Inspirational Zoom Presentation by Kate Davis

Steve posted an event on his Facebook page.  I attended high school with Steve from 1970 until 1973, when we graduated and I moved north, back to Canada, while most of my peers from Great Falls, Montana, ended up moving to Montana Universities.  This guest speaker event sponsored by Swan Valley Connections, appealed to me from the moment I saw it, probably because I’ve watched a Bald Eagle family nesting in a very special spot on the edge of the Bow River for going on eight years.  I have learned so much from these beautiful raptors over the years, but realize after last evening, that I have so much more to learn.

Kate Davis lives in the Bitterroot Valleyin Western Montana and is an acclaimed photographer, steward, educator, writer and presenter who has studied and educated the public about Raptors for years.   Kate’s biographical notes can be found here.

Steve lives in Condon, Montana in the Swan Valley, a wonderfully rich ecosystem and landscape teaming with multiple species of mammals, fish, birds, plants and trees and raptors.  I am really grateful to Steve for posting and hope to be included in future Swan Valley Connections events.

Kate has written several valuable books/resources and is truly, an expert in this field of study.  As a result of this presentation, I will be picking up some of the books as they will be helpful in my identification of a variety of raptors and to further my knowledge in the behaviours and abilities of these.  When I capture photos of hawks, while circling my place at the river, I always have to share them to the group, Alberta Birds, because I am unable to make a proper identification without the help of others.

The evening’s talk was riddled with rich narratives coming from Kate’s memories and research, but interspersed were the introductions to three raptors that live with Kate

First, we met the Sonora, an Apolomado Falcon.

From the Raptors of the Rockies website…

We are thrilled to have an Aplomado Falcon thanks to The Peregrine Fund in Boise, Idaho. We picked her up on July 2nd in 2013 at 17 days of age and fresh out of their breeding project. She rode home in a laundry basket and hung out in a baby play pen (and on the window sill in the office) as a growing girl. This Northern subspecies disappeared from the U.S. in the 1950’s and was listed as endangered in 1986. Habitat destruction and later on pesticides caused their demise, and a breeding and re-introduction program was started by the Santa Cruz Predatory Research Group, and continued by The Peregrine Fund. A small population has been established in Texas, and breeding project came to a close, this just about the last one.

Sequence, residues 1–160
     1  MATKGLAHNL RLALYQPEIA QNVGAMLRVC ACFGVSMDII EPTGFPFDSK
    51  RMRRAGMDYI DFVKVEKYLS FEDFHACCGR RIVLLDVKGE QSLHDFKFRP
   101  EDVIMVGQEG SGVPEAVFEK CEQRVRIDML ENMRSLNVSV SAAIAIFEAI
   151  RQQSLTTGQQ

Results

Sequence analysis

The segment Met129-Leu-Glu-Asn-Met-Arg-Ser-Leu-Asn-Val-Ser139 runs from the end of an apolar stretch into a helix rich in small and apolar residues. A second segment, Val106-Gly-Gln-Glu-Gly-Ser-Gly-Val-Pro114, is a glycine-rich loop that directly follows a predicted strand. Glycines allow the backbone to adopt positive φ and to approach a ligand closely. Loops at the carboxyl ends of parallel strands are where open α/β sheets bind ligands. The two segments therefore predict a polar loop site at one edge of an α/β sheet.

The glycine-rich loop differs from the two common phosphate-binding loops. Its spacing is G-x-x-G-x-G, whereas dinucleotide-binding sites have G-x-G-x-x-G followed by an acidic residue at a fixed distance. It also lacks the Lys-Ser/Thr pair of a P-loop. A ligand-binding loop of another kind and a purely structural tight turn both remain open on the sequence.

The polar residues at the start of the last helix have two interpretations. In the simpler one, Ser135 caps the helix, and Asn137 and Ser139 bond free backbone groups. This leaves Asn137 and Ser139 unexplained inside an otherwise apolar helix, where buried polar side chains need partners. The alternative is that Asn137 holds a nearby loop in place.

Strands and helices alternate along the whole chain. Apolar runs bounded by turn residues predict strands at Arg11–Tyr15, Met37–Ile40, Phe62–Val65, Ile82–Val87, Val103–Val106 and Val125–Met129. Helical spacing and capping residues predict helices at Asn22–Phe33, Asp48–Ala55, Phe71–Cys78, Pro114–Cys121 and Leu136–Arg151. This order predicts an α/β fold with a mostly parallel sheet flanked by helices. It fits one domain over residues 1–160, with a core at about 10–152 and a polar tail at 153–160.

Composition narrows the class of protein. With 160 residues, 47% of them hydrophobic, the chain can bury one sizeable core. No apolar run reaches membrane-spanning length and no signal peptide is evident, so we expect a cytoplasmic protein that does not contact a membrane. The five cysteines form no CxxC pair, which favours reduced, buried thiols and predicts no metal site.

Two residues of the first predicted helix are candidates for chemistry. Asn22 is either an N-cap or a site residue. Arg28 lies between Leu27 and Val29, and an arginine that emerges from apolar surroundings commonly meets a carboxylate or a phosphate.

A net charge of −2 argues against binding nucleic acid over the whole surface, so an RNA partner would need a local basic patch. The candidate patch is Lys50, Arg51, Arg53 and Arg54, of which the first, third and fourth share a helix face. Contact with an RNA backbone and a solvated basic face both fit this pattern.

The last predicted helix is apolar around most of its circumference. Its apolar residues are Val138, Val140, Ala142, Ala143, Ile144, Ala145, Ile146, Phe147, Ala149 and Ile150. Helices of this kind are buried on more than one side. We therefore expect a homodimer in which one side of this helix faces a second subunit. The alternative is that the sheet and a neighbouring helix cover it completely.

I am always one to be concerned with the shrinking habitats of species along the Bow River and the horrendous impact the development of the Southwest Ring Road has had for our local populations of birds, mammals and other species.

Next, we met Sibley.  Sibley is one of 18 non-releasable and falconry birds that live in enclosures next to Davis’s house, and this evening, was present IN Kate’s house.  What a profoundly beautiful creature!  

And finally, we met Owen, the Sawet Owl.  Most entertaining was Kate’s ability to make the various calls of owls.  This was such an entertaining and informative presentation.  While Covid-19 keeps us from an authentic connection, we are blessed that technology brings us into space with one another in a different way.  I am so thankful to the Swan Valley Connections for making this happen.  Ramona, and some of my birder-friends from the Bow River would enjoy such as this and I’ll make certain that I invite them in enough time to connect for future presentations.

65% of Raptors do not live their first year.  They are hit by cars.  They go hungry, finding it difficult to locate and kill prey that ‘doesn’t want to get caught’.  Their struggle to breed and raise young in primarily hostile environments is extraordinary.  The fact that I am blessed enough to watch our Bald Eagle family so regularly is a true gift.  If eagles are not stressed, they will live for forty years.  That is just so absolutely amazing.

Kate’s primary message to the public is not necessarily to get the big work done in terms of the protection of these species (although that would be nice)….but, her message is to GO OUTSIDE and when you do, leave your cell phones behind.

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